Welcome to the real life Jurassic Park … the land that time forgot.
Kota Kinabalu was known as Jesselton, the capital of Sabah. It was almost totally destroyed during World War II but today is a small, modern municipality. Two hundred thousand people live there and they are proud of the Sabah Museum's galleries of Ethnography, Ceramics, Natural History, Archaeology, History, Limestone Caves, and the world's largest art exhibition on the oil and petroleum industry. The Sabah State Mosque's resplendent dome is a famous landmark.
Ninety kilometres away is south-east Asia's highest mountain, Mount Kinabalu, in the Crocker Range. The majestic mountain is 4101 metres high and growing, and has earned both geographical and mythological fame over the years. For most of its history it has been revered as a sacred site and is still the pride and soul of Sabah.
Tribal priests climb to the top each year offering the spirits a sacrifice of seven white chickens. They believe it ensures their safety, as well as that of all who follow.
The jagged stone mountain is in the 4343 square kilometres of Kinabalu National Park, and despite its intimidating size, is easy to climb and attracts many visitors each year. No special skills or equipment are needed and a comfortable climb takes just about two or three days. Accommodation is available along the way, the highest being Sayat Hut at around 4000 metres.
Park Headquarters at 1588 metres is well organised and offers accommodation from hostels to chalets, restaurants and an exhibit centre. Temperatures vary between 20º C to 13ºC making activities quite comfortable. As it is just two hours from Kota Kinabalu. Some people go there just for the day to enjoy the cool air.
Kinabalu Park is famous and popular not just for the climb it offers, but also for the amazing wealth of flora and fauna it fosters. Each altitude moves from one ecosystem to another, with creatures and plants varying from level to level, and botanists, birdwatchers and nature lovers from the world over simply adore it. This place offers the world's largest bloom as well as plants so tiny they need to be looked at through a magnifying glass!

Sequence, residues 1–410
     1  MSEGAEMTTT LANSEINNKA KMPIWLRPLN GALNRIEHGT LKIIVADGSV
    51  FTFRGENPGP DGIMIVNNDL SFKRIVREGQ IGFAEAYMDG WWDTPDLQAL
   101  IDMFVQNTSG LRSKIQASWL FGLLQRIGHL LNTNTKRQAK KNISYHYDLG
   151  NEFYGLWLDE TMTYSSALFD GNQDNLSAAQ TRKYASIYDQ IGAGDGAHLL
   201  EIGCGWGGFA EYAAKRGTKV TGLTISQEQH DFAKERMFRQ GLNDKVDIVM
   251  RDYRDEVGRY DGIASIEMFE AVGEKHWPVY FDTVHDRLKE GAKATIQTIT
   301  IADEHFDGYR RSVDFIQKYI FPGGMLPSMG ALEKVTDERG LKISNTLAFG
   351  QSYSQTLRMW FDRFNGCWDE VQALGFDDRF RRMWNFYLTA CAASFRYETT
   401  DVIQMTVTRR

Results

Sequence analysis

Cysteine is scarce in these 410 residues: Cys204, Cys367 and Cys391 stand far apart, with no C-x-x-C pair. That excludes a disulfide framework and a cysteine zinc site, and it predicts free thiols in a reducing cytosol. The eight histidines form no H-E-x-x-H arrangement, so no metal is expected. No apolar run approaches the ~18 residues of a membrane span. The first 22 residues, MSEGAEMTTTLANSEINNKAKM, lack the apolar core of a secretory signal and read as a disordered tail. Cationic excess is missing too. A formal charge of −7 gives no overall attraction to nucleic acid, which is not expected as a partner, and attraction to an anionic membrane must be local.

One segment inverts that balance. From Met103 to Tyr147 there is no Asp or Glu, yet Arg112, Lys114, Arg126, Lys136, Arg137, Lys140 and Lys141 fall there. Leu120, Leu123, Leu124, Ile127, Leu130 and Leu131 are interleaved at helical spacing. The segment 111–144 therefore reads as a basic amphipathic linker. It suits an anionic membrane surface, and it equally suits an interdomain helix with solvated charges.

There are more than 300 species of birds living there, along with around 100 mammals and at least 4000 kinds of plant life. Some of the world's richest oak forests thrive here, with 40 different types recorded. Rhododendrons are common and are particularly beautiful when in full bloom.
The world's largest flower, Rafflesia arnoldii, is indigenous to the area's rainforests, and has recently become a marketable curiosity. Its other name is "stinking corpse lily" which speaks volumes. Its rotten smell attracts flies which in turn assist with the pollination process. It has no leaves or stems and survives endoparasitically within the woody stems of a host vine. It eventually breaks through its host's bark as a bud-like a pale orange cabbage almost a metre wide and weighing around 11 kilograms.
Carniverous, tube-shaped Nepenthes or pitcher plants, grow in thick moss on limestone and make short work of small creatures which get too close.
For those interested in exotic blooms, a visit to the park's Mountain Garden is and easy and rewarding way to see 750 varieties of orchid, including the very rare and beautiful Rothschild Slipper, which is the jewel of the forest. Each one is worth around $US15,000.
About half an hour from the park headquarters is the Poring Hot Springs. They were developed during World War II by Japanese, and are now piped into several open-air baths, some under cover and some in the open. They got their name from a species of bamboo.
Fifteen minutes further on is a marvellous walk to be taken through a thick canopy of trees on a suspended walkway. For those who don't have time to climb the mountain, it is a wonderful way to experience the jungle.